Hope is the thing with feathers that perches in the soul
And sings the tune without the words, and never stops at all
And sweetest is the gale is heard; and sore must be the storm
That could abash the little bird
That kept so many warm...
~Emily Dickinson

Monday, September 26, 2011

The emotional balancing act of everyday life.

There are those moments when I realize that I am truly living in the moment with Kannon.
I am in it for him...not for myself.
I watch him run through the park hands flapping, words flying out of his mouth at a very loud volume, people staring...and I just smile.
I just smile at his energy and desire to be free.

I watch him see a little girl who has a balloon, his eyes light up and he just watches the balloon sway around in the wind...

I watch him roll around on the floor at stores searching for "treasures" and it makes me chuckle every time no matter how many glares I get...

I watch him stare at himself in the mirror making silly faces at himself and laughing...and it makes me smile.

I watch him draw scenes that are only in his imagination...they are truly beautiful...he takes such time with them, such care to make sure it is just perfect.

I sit next to him while he watches Scooby Doo, and I just hold his hand while he is lost in tv land...
I look at his feet, his hands, his eyelashes...I just stare at him being silent and still.
These are rare moments that I take advantage of.

I absolutely must freeze my conscious and allow myself to simply watch Kannon in times like these.
I must let him have these moments for himself.

I must.
Because when he does have an hour long tantrum, screaming...crying...yelling...
I must be able to take him back to himself when he can't.

Today was one of those days.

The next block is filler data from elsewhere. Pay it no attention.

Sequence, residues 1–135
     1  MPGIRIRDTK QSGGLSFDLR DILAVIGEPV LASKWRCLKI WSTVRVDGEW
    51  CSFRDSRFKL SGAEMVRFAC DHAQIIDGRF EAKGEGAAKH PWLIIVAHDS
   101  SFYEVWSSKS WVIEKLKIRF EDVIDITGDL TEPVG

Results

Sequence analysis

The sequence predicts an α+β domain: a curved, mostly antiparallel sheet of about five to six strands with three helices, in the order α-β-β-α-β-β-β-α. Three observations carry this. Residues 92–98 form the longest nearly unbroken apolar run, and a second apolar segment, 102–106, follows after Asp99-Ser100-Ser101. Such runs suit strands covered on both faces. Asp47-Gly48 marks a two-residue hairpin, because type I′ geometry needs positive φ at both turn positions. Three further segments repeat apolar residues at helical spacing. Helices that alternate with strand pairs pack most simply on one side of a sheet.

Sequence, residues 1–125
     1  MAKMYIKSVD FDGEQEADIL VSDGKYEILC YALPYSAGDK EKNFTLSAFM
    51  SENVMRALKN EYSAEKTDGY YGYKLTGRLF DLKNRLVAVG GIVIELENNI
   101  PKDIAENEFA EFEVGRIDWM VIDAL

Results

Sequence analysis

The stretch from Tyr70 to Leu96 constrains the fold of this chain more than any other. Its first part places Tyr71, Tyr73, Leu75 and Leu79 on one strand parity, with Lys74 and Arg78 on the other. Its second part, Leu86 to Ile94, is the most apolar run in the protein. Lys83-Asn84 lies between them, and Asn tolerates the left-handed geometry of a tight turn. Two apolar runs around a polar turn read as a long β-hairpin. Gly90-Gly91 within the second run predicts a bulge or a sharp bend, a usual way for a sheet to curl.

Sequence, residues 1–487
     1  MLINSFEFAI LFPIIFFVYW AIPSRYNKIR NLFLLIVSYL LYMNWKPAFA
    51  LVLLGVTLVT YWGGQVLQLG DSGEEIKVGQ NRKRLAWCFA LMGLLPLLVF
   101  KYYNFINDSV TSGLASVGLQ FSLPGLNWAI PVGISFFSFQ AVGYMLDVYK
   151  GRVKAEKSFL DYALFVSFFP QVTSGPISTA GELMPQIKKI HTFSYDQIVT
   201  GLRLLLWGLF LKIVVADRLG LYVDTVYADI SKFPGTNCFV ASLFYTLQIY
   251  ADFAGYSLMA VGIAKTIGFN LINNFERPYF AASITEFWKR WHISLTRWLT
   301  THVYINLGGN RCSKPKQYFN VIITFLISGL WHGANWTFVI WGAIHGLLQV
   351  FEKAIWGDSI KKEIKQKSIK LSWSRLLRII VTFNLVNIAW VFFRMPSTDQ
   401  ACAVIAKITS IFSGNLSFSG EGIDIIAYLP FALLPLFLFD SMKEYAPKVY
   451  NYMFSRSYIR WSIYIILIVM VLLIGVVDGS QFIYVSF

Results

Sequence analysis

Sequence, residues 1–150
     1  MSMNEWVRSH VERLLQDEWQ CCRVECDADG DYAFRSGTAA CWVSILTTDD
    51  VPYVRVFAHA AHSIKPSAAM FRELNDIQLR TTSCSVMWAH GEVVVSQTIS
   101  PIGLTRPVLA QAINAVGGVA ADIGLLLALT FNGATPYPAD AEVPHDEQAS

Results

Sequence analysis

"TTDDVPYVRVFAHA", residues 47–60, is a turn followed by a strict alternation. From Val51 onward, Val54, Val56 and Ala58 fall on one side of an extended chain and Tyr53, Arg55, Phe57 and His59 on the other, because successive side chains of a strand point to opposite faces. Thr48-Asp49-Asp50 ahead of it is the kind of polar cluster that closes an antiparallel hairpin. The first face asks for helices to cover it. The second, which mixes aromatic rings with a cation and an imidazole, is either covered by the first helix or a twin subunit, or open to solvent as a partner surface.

He was exhausted.
He had a very long tantrum that lead him to a very real meltdown of emotional levels.
His therapist could not get him back to good...he could not even regulate his emotions, he could not reach down deep enough to get himself back.

These moments are truly the most heartbreaking for me.

I stood in the corner of my room peering around and watching my boy lay on the floor in emotional exhaustion, pain and frustration on not knowing how to calm his body.
He kept saying over and over, "I promise"..."I promise"..."I'm so sorry momma"...
Mind you I had not been in the room at all, I had been in my room just listening to the therapy session leading up to his meltdown.

I decided to intervene and walked over to Kannon.

I picked him up in my arms, and for a brief moment I had the strength to carry my 75 pound son to the couch.
I laid him down next to me and put my hand on his head.
He immediately looked into my eyes and I immediately teared up seeing the pain he was in.
I gently rubbed his belly as I told him this:

"Baby, it's o.k to be sad...we all get sad every now and then. But you have to know that you are surrounded by people who love you. No one wants you to be sad, no one wants to see you cry."
He just nodded, he didn't say a word and he was still looking me straight in the eye.

"Kannon, you have to calm down...it's not good for you to be so upset."